We have to create a new .vsix file to incorporate the changes. Now we can either change the version and update this change in the extension, or completely remove the extension and can add a new extension.

Now my extension on VSTS instance looks as below:

extension-changed

Once the button is clicked, the Azure function will be called and the result will be shown in the textbox.

changed-extension-called

On the Azure portal, the result of the function execution can be seen in the logs.

logs-after-execution-function

If we change code in the Azure function, and the change does not affect the result, we do not have to create the .vsix again. But if we do any change in the HTML file or json file, we need to create .vsix file again and update the extension to reflect changes.

Conclusion

In this article, we discussed how to create a simple VSTS extension. We also discussed scopes for the extension, how to publish the extension and how to install it for VSTS instance. In the later part of the article, we saw to create and use Azure function with VSTS extension.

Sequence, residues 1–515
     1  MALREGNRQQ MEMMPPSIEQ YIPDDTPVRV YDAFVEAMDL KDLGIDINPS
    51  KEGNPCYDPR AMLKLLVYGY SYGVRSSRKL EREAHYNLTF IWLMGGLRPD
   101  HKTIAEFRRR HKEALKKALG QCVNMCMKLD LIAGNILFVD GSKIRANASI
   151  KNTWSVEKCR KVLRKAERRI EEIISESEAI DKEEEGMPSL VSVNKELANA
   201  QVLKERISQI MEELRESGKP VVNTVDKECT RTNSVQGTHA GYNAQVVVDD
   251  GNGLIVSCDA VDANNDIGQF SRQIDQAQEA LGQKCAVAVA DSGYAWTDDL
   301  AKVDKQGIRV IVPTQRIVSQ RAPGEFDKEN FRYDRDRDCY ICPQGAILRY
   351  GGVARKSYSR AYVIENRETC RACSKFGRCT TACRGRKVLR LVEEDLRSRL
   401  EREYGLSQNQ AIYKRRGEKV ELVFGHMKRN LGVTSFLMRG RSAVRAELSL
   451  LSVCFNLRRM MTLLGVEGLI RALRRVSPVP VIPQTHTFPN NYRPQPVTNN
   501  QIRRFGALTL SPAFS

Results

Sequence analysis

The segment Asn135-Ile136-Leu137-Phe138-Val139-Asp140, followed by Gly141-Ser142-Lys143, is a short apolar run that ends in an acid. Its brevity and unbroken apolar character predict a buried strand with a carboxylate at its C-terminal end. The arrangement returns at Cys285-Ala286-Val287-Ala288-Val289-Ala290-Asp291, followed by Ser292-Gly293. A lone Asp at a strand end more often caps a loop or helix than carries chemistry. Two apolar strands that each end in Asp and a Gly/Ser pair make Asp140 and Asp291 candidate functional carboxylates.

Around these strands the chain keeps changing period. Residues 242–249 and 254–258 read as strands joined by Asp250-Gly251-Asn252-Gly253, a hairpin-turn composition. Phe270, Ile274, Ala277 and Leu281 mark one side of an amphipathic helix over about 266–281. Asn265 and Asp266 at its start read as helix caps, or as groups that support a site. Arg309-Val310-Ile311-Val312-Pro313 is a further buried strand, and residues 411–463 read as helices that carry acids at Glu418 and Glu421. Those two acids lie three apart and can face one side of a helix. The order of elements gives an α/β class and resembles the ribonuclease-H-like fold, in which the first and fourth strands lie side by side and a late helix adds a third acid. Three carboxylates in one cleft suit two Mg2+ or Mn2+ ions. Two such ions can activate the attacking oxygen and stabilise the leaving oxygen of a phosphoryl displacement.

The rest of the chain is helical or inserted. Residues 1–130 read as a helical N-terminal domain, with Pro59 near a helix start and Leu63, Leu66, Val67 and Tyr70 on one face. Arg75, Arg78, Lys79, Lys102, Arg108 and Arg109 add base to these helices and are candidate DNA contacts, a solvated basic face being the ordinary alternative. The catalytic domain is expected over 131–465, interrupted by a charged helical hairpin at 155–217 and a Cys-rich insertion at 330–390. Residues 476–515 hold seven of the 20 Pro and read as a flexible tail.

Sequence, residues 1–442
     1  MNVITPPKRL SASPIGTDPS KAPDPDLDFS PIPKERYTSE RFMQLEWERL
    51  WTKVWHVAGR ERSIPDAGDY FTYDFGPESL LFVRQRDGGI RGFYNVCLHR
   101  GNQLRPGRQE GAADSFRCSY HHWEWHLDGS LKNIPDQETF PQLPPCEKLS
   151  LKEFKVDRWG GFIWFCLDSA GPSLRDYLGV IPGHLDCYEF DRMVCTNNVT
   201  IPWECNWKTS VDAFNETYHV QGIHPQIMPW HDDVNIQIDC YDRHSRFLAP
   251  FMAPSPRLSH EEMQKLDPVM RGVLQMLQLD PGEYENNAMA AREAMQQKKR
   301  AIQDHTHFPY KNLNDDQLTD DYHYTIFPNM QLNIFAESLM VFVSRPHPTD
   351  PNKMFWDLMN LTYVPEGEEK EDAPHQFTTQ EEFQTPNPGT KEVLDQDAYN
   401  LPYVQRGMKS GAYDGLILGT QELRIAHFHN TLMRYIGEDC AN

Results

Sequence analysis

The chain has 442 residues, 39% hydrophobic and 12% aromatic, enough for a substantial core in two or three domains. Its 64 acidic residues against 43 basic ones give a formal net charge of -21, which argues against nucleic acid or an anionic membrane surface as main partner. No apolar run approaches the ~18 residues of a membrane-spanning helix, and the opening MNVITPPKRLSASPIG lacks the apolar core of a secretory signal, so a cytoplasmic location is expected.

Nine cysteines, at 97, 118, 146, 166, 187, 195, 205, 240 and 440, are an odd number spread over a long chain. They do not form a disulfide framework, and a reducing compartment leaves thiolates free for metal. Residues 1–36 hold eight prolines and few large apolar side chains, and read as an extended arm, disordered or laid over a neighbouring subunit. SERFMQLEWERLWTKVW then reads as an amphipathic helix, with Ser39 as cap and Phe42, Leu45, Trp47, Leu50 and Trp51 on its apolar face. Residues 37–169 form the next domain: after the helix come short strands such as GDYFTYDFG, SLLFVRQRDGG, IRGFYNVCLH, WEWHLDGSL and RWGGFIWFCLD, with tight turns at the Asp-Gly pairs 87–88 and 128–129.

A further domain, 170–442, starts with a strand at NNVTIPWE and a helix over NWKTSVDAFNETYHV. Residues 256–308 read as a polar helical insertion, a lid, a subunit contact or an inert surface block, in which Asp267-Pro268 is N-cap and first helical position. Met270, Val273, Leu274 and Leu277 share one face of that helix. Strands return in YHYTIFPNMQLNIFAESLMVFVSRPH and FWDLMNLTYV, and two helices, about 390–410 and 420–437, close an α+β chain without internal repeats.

There are many features of the VSTS Extension like authorization to access VSTS data, creating a service hook for executing a function as an event handler etc. that I have not yet touched. More about these in the future articles.

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Author
Gouri Sohoni is a Trainer and Consultant for over two decades. She specializes in Visual Studio - Application Lifecycle Management (ALM) and Team Foundation Server (TFS). She is a Microsoft MVP in VS ALM, MCSD (VS ALM) and has conducted several corporate trainings and consulting assignments. She has also created various products that extend the capability of Team Foundation Server.